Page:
First of a series of articles on Best Picture winners as the countdown to the Oscars begins. Spoilers ahead if you haven't seen the movie.
Aviation epic Wings (1927) was the first winner of the Best Picture Oscar. It was directed by William Wellman (Wild Bill as he was often known) who had been a flier himself and went to great lengths to make the flying sequences authentic consuming lots of time and film in the process.
It worried Paramount executives who went to the set. Otto Kahn the main backer got a flea in his ear from the abrasive Wellman who was determined to get the battle scenes photographed in the best possible conditions. Eventually the executives pretty much gave the director a free hand in the production and it was worth it. The flying scenes in Wings are probably as exciting and impressive as those in any movie.
Out of the cockpit though the movie for me isn't as strong. Its greatest asset from an acting point of view is the irrepressible Clara Bow who lights up the screen like a light bulb. Charles "Buddy" Rogers is a bit of an idiot not to see that Clara is the gal for him if you ask me. Most of the time he's pining for Jobyna Ralston here beautiful as ever but a fairly colourless mannequin compared with Bow. Richard Arlen of course is her real beau and keeps it from Rogers when they become buddies. I've never really been moved by this love story and feel the film would work better without it.
The other problem for me with Wings (1927) is it lacks the extra dimension of anti-war feeling you get in say other silent war films like What Price Glory ? (1926) and The Big Parade (1925). It feels rather gung ho and tries to rather add this in a contrived way by having Rogers kill Arlen by accident : that all seems rather convenient and against the odds. Arlen's survival to go back through the lines after his plane is shot down is a minor miracle in itself never mind having him killed by his best friend. I think his demise (if he has to die) could have been achieved much more effectively and movingly. Its just an excuse for Arlen's mother to say to Rogers that "I wanted to hate you but you didn't kill my son - it was the war." Well yes.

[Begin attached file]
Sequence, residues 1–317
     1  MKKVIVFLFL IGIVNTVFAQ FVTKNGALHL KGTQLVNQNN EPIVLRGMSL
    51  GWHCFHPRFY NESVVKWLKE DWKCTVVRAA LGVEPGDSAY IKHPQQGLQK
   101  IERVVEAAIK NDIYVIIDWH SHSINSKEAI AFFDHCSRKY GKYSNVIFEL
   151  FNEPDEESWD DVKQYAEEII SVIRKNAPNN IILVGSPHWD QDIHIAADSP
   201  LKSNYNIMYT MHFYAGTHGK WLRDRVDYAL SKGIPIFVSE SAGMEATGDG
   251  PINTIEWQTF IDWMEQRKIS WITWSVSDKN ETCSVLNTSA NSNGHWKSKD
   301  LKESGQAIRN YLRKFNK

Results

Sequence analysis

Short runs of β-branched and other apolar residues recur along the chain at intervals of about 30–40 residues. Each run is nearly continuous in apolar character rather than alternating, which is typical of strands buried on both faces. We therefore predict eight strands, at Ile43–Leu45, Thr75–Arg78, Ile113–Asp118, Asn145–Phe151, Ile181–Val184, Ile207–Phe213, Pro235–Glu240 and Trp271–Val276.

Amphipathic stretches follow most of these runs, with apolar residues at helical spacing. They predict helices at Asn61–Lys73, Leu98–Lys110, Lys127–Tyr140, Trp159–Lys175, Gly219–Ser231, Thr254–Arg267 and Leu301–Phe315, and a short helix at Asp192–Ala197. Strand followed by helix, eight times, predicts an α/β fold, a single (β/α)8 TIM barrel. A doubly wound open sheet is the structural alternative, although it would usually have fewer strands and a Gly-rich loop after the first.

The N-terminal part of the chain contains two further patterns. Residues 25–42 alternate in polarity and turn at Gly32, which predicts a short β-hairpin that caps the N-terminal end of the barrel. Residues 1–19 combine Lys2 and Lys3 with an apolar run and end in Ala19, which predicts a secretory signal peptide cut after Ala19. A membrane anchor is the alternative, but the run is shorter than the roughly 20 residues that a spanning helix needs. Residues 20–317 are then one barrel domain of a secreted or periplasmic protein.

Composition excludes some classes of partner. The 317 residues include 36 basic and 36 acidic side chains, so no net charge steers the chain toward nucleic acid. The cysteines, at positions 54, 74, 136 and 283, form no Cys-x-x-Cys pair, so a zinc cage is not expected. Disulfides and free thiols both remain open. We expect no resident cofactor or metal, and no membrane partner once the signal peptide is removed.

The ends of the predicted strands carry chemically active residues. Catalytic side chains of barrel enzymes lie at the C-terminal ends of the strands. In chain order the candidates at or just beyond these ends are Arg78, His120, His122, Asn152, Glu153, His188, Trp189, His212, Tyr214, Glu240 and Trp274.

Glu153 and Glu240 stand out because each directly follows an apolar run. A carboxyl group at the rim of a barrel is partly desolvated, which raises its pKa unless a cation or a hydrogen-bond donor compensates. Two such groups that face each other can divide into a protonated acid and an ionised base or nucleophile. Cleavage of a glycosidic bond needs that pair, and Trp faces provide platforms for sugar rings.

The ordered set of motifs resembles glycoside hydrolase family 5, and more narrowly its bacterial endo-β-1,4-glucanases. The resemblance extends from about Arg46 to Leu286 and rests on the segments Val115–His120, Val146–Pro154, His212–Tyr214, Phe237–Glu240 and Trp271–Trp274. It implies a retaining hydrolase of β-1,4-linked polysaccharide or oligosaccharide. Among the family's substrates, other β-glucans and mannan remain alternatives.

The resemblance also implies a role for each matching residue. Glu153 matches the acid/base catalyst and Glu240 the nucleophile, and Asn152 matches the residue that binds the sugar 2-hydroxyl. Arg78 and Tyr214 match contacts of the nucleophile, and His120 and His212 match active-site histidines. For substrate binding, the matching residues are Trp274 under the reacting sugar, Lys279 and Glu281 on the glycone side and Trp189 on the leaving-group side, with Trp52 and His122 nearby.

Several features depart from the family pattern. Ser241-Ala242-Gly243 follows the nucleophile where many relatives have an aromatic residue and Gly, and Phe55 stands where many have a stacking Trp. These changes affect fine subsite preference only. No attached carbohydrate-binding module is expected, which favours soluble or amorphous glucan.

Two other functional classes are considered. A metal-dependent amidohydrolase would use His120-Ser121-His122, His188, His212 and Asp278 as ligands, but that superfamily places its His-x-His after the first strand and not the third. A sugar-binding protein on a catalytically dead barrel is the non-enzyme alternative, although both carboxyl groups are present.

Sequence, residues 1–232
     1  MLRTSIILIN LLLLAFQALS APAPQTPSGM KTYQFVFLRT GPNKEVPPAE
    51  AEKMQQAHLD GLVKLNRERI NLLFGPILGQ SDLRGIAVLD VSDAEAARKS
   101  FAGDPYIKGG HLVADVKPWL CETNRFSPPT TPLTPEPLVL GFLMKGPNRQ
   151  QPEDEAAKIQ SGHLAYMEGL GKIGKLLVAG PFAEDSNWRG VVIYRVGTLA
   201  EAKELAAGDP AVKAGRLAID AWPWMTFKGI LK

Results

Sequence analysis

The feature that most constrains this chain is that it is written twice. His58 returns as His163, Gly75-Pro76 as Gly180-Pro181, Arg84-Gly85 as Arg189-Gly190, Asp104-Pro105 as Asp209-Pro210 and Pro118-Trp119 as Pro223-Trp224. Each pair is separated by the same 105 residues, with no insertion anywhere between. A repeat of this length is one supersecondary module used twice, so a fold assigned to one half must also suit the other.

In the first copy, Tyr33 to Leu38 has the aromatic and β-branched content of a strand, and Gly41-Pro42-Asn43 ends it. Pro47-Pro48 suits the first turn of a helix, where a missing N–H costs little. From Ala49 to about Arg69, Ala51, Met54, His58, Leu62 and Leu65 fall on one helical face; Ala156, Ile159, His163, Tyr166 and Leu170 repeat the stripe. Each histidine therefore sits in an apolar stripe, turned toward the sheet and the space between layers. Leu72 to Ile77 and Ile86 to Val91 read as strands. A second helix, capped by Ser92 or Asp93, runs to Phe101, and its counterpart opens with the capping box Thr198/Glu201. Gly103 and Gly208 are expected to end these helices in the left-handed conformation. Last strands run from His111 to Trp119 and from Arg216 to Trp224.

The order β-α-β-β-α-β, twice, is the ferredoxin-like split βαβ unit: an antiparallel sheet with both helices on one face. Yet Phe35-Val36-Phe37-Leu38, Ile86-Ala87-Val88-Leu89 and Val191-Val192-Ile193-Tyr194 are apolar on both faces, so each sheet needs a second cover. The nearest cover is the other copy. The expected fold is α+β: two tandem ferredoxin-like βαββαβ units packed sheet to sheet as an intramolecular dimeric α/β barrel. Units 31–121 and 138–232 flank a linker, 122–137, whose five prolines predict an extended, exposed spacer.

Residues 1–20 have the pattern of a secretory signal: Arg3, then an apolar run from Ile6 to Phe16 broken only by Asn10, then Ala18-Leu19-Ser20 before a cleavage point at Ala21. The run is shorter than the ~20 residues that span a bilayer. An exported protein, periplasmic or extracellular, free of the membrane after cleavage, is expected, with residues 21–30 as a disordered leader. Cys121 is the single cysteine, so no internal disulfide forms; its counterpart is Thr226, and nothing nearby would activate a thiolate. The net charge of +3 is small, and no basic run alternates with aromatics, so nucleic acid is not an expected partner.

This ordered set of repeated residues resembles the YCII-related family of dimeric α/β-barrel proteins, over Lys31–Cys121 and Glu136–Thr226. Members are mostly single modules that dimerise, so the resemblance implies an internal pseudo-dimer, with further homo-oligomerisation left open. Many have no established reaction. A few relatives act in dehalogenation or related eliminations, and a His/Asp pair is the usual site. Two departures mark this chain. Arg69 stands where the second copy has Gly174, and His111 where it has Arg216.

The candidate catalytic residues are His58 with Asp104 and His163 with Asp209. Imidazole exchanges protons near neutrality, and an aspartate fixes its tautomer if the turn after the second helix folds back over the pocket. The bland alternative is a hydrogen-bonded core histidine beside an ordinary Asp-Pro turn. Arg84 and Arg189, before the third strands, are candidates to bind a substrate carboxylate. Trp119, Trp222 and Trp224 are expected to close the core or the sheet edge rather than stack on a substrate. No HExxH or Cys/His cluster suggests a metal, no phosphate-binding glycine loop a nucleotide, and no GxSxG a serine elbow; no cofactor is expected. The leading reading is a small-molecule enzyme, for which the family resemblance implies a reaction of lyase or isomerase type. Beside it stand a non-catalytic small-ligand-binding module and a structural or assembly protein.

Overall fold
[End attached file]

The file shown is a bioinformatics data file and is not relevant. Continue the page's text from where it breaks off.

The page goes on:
The version of Wings (1927) I viewed was the Photoplay (Kevin Brownlow company which restore silent films) Carl Davis one from the early 90s. This was shown on UK TV in the days when old films got in the mainstream schedules more than occasionally. I had seen the movie in an inferior print with an organ score.
The impact of silent films is so often down to the quality of the score and this is a good example. Davis' score and the print certainly made Wings a much better experience than before. Davis I feel has particularly nailed the flying sequences and the Folies Bergere sequence in Paris where Rogers gets drunk. He later recalled that it was Wellman that got him drunk and made him believe he saw bubbles which were later animated.
Wings wasn't the only best picture in 1927 though technically the winner F.W. Murnau's Sunrise (1927) got an award as Best Artistic Production a category abandoned the next year. Wings does have brilliant battle scenes and flying sequences but in terms of characters apart from Clara Bow it doesn't do a lot for me. Sunrise (1927) probably deserved the Best Picture Oscar more.